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September through to April marks official snake season in Cape Town, sometimes stretching through to May.

It's a busy time for snake handler Davine who says she fetches up to four or five snakes per day, depending on the weather.

Speaking to Kfm Mornings about the boomslang, the most venomous snake in Africa, Davine says they're docile and very seldom bite people.

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Of all the callouts I've had, I've only ever had one boomslang turn on me and one to bite me because I was trying to get hold of it the whole time and it was hard to catch.

Davine, Snake Handler

According to Wikipedia, boomslangs feed on small animals like chameleons, frogs, and birds, and they also eat eggs.

What happens to the snakes once they are caught?

If I catch a cape cobra in Flamingovlei, then it has to go back to Table Bay Nature Reserve...

Davine, Snake Handler

If I catch a snake in Melkbosstrand, I put it in Blouberg Nature Reserve.

Davine, Snake Handler

It's not anywhere near the houses!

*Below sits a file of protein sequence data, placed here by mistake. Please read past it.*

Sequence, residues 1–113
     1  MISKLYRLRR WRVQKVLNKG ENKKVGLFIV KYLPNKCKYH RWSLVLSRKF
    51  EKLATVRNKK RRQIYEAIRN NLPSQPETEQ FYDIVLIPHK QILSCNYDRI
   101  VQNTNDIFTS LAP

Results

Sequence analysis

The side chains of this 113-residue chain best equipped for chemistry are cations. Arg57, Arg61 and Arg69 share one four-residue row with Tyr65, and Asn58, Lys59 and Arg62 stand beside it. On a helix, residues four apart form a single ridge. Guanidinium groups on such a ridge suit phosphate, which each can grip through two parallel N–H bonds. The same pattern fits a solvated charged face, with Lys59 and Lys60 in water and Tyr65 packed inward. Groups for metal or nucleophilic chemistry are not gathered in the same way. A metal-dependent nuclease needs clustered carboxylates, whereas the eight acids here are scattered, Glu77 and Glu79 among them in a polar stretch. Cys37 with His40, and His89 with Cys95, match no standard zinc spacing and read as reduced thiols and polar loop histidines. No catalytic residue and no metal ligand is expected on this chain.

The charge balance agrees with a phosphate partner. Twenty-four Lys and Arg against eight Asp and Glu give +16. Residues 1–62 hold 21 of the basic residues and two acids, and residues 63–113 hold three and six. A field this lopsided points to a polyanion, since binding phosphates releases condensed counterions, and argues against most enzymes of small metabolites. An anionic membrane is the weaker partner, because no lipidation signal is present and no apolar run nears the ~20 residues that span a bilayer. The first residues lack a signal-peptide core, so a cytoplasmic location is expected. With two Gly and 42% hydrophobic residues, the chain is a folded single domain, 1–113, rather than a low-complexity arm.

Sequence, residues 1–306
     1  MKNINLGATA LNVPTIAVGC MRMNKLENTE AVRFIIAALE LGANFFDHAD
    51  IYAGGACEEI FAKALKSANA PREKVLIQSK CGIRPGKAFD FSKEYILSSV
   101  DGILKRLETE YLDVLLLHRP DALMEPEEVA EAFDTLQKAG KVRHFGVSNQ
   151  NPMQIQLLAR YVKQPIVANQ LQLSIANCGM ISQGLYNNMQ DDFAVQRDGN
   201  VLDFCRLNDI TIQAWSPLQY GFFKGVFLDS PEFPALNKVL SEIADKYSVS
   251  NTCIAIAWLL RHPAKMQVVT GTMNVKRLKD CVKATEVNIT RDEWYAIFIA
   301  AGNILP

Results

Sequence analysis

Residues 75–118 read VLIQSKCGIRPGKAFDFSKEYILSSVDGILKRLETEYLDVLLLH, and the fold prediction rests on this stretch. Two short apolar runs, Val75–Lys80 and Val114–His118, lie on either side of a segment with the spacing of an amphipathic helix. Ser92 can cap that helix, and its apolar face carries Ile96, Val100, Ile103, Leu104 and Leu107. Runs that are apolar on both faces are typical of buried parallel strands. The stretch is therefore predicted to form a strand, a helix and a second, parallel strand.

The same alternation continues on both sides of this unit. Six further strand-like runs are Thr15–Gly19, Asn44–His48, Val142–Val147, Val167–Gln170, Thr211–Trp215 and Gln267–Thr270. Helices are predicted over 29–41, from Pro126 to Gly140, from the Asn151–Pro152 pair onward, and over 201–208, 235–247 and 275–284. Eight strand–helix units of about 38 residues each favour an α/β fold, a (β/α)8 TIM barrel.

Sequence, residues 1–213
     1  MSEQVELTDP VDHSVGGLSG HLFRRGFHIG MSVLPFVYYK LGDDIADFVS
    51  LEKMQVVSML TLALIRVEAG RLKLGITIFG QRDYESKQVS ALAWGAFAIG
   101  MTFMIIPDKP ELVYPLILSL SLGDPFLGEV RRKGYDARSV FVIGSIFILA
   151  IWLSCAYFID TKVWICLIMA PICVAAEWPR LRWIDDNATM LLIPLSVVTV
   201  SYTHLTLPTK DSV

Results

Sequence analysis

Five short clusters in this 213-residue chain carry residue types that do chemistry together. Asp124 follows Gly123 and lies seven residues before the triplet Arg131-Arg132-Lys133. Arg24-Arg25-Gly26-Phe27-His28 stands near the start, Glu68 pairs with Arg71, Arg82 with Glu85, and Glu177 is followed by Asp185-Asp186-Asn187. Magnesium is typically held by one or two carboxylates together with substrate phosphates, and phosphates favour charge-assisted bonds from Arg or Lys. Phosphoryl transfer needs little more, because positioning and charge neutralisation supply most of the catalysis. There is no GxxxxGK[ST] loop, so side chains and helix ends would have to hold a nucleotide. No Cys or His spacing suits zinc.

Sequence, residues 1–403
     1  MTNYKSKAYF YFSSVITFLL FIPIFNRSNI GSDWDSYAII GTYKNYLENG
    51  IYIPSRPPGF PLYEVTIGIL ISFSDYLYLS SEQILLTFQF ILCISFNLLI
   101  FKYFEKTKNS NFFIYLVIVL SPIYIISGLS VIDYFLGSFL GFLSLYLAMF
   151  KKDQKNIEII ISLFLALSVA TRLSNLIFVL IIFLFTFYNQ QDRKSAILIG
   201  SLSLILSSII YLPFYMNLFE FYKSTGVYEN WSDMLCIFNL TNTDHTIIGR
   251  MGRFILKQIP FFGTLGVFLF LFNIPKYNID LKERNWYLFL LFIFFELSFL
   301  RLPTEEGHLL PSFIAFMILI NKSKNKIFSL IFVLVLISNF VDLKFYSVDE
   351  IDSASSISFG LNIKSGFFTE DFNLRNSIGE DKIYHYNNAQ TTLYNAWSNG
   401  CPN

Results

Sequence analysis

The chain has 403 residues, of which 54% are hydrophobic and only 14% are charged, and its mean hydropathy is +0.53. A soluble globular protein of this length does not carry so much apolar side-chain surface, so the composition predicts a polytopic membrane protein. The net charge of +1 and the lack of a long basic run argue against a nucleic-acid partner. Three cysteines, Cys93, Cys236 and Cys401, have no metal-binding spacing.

Davine, Snake Handler

What should people do if they encounter a snake at home?

Golden rule is to always keep your eyes on the snake at all times. Do not lose sight of the snake.

Davine, Snake Handler

Once you spot the snake, you follow the snake at a safe distance of about 4-5 metres. If it goes and settles in your pool pump... or in a corner under a bush... stand on the opposite side and watch it so it doesn't move... so when I come, I can secure it and... take it away.

Davine, Snake Handler

You can reach Davine on mobile at 072 809 8908. She services the Tableview area but says that she's in a WhatsApp group with other snake handlers based in other neighbourhoods.

Listen below to the audio for Kfm Mornings' full conversation with Davine for more tips on what to do when you spot a snake on your property.

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